About a month ago I discussed a case in which I had written an amicus brief:
Last year I wrote here about Roni LLC v Arfa, which I cited as an example of the ”troubling lawlessness of NY LLC law.” In brief, the court sustained a non-disclosure claim based on “plaintiffs’ allegations that the promoter defendants planned the business venture, organized the LLCs, and solicited plaintiffs to invest in them” despite holding that the parties’ arms-length pre-formation business relationship did not support a fiduciary relationship. I argued that this new pre-formation duty to disclose
promises to make a mess out of NY LLC law. It also creates significant problems for business people who now have a fiduciary duty, with uncertain disclosure duties, imposed on what the court itself recognized is basically an arms’ length market relationship. It’s not even clear how parties can contract out of this duty, since the whole problem is that they do not yet have a contract.
I later noted that my blog post was cited in the appellants’ brief on appeal, which triggered a response in the respondents’ brief (see n. 25) and then my amicus brief in connection with the appeal, which the NY Court of Appeals accepted for filing.
Now the NY Court of Appeals has decided the case. In its brief opinion the Court said “we conclude that plaintiffs’ allegations of a fiduciary relationship survive the dismissal motion.” The Court added (footnote 2):
2 Based on the foregoing analysis, we need not decide the question of whether the promoter defendants’ status as organizers of the limited liability companies, standing alone, was sufficient to allege a fiduciary relationship.
In other words, the Court of Appeals, without saying so directly, effectively rejected the lower court’s determination that the complaint had not alleged a fiduciary relationship. The Court did so in order to avoid a holding in favor of promoter liability that would, I argued, “make a mess out of NY LLC law.”
The Court elsewhere in its brief opinion alluded to another aspect of my amicus brief. My brief pointed out (p. 6) that there was no authority for a pre-formation disclosure duty in LLCs, and that analogies from other business entities
should be drawn carefully because * * * the LLC has evolved as a unique entity, sharing some features of but ultimately distinct from all other business entities. See generally, Larry E. Ribstein, Rise of the Uncorporation ch. 6 (2010).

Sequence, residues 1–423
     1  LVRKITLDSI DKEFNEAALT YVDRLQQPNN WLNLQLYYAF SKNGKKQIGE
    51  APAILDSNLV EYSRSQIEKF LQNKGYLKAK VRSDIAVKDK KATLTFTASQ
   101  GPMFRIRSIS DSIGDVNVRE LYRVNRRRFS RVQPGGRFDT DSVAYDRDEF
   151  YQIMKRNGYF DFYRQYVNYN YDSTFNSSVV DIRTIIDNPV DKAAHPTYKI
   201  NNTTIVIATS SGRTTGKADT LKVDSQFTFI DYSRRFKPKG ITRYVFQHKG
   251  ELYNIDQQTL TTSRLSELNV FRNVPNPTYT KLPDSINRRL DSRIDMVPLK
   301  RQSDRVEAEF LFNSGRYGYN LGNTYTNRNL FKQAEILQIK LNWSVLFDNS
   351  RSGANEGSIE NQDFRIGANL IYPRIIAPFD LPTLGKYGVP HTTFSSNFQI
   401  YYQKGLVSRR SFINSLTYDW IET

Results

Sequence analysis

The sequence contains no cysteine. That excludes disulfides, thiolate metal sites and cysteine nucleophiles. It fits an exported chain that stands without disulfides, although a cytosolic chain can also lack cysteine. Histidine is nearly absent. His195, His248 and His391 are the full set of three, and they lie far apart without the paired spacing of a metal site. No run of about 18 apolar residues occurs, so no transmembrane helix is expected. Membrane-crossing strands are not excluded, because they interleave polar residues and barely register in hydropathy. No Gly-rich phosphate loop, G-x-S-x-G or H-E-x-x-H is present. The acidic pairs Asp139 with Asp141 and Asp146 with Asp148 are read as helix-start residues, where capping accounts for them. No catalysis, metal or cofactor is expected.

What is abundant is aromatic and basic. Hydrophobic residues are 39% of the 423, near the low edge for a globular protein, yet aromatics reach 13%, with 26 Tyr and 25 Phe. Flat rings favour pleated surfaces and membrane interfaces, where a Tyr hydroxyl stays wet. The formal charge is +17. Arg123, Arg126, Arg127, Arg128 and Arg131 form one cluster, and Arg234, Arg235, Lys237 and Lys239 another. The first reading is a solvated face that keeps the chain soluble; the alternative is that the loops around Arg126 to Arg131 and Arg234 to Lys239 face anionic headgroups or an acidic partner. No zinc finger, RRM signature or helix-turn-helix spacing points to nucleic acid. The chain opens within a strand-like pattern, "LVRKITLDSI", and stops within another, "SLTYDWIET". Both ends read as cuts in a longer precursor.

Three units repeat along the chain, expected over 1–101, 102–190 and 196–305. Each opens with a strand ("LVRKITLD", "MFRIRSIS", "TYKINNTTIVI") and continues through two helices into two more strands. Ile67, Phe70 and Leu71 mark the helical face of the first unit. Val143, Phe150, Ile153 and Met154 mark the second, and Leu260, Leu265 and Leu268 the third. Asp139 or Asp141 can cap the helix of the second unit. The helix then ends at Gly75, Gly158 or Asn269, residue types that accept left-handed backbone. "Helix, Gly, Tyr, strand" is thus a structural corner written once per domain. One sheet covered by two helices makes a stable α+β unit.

In its opinion, the Court recognized (n. 1) that “[c]ertainly, there are differences between limited liability companies and traditional corporations, but the distinctions are not relevant to the allegations in this case.” They were not relevant because the Court strained to accept the alternative basis for a fiduciary duty the lower court had rejected.
In short, I invited the Court not to wreck NY LLC law by imposing open-ended pre-formation promoter liability. The Court accepted my invitation although this forced it to weave a circuitous course around the lower court’s opinion.
Now, I must avoid taking too much credit for the result in the case. The NY court might have reached the same conclusion without my brief. The case was very well argued by the defendant-appellant’s lawyer, David Katz, who raised all the relevant issues.
All I can say for sure is that my brief made it harder for the Court of Appeals to accept the lower court’s promoter liability theory, and the Court did, in fact, reject that theory. I think it’s plausible my brief affected some of the language in the opinion, and thereby the course of NY LLC law.
I make these points not solely out of pure ego (not that I’m totally devoid of same) but because they relate to the many words that have been spilled over the uselessness of legal academics. You see, we academics do have some credibility because we devote ourselves to the study of underlying theory and policy rather than to achieving particular results in cases. This is a quality that could be lost if legal academic is restructured so as to reduce the time and resources available for such work.